Gaslit Nightmares: Stories by Robert W. Chambers, Charles Dickens, Richard Marsh, and Others

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Nor do I think it an accident that we hear of a dragon, frequent symbol of Satan though this is no simple-minded tale of Satanic menace. As a pure aside, I liked the narrator, denying the reality of instrumental music having anything "more than melody and harmony".

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And, as a matter of pure speculation, I wonder if Chambers was doing a dark riff on Francis Thompson's "The Hound of Heaven" from Alternatively, the Christian god is not benevolent as the narrator and the Monseigneur believe. This would fit well with the epigraph. I just lost a post, so quicker version: very much liked the prose in this story, especially the first third and its description of the Church of St. I anticipated from this beginning that the plot would be restricted to the Church itself, and was faintly surprised when the narrator "leaves" to wander Paris. There was something Jamesian in the careful observations, too, particularly in that passage when he notices the malevolent organist "passing along the gallery the same way " when there had been no time for him to return to the organ room before walking again down the passage.

Jan 12, , pm. Joshi's introduction which doesn't spare Chambers for the lack of quality control across the entirety of his literary career, has worried me a bit. I don't really understand what this story is about, the "world building" behind the King in Yellow, the relation of the narrator to the sinister organist, the connection between Carcosa and both of them, and so on. Joshi has made me worry that there is less to this story than there seems - that's it's largely effect. That's not a final opinion, though. I'm still mulling over this story.

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One stray observation - that discussion of the nave near the start of the story - that in medieval churches the nave is less sacred than other parts of the church structure, and in some cases might not be blessed at all - it seems like the set-up for an antiquarian M. R James-type tale, only to subvert it and throw it away.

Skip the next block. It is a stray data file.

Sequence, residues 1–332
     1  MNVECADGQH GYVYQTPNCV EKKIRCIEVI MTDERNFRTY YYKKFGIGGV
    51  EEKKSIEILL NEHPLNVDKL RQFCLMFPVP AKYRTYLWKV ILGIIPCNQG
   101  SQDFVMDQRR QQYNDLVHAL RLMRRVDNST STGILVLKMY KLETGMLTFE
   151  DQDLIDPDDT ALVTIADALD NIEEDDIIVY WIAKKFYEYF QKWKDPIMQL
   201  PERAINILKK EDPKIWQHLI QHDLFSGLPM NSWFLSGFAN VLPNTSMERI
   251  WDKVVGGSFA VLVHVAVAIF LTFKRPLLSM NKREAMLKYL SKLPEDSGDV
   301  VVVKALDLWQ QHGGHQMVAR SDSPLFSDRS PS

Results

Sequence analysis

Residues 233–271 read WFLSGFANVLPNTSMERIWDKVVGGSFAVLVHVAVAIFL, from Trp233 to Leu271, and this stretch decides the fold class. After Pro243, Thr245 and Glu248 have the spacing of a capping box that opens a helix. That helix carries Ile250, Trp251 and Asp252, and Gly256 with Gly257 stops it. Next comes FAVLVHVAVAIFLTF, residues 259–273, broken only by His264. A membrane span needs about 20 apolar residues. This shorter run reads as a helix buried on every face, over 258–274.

It seems a wry, even post-modern moment and I can't decide if the fact that Chambers wrote this when James had barely got going, makes it more or less post-modern. The focus on the church layout and terminology chancel, gallery, nave, vespers was a large part of my expectation for a tale set entirely within the Church. Jan 13, , am. For me, that's part of the appeal. Jan 14, , pm. I'm going to attempt a close re- reading of "In the Court of the Dragon" in light of the comments here, and armed with the knowledge that there isn't a great deal of explanation in the other stories I thought there might be, when the Joseph Pulver story"Chasing Shadows" came up as a selection in Jan 20, , pm.

On a Chambersian front, I just posted a review of A Season in Carcosa , a collection Carcosan stories by latter-day authors. Unlike him, I didn't read the collection with any excess speed: I bought it back in , and have been reading the occasional story or three since, finishing the last few today. Thanks for the heads-up. Those two stories were notable. The one you remarked as the bottom of the pile I can't even recall, though maybe it's just a matter of matching the title to the content.

I might tackle another one of these latter-day Carcosan anthologies soon. I recently acquired a copy of Cassilda's Song. Jan 21, , am. I've got Cassilda's Song lying about in the TBR pile too, so we may one day end up with parallel reviews of that one too. Edited: Mar 12, pm. I will collect a few thoughts until then.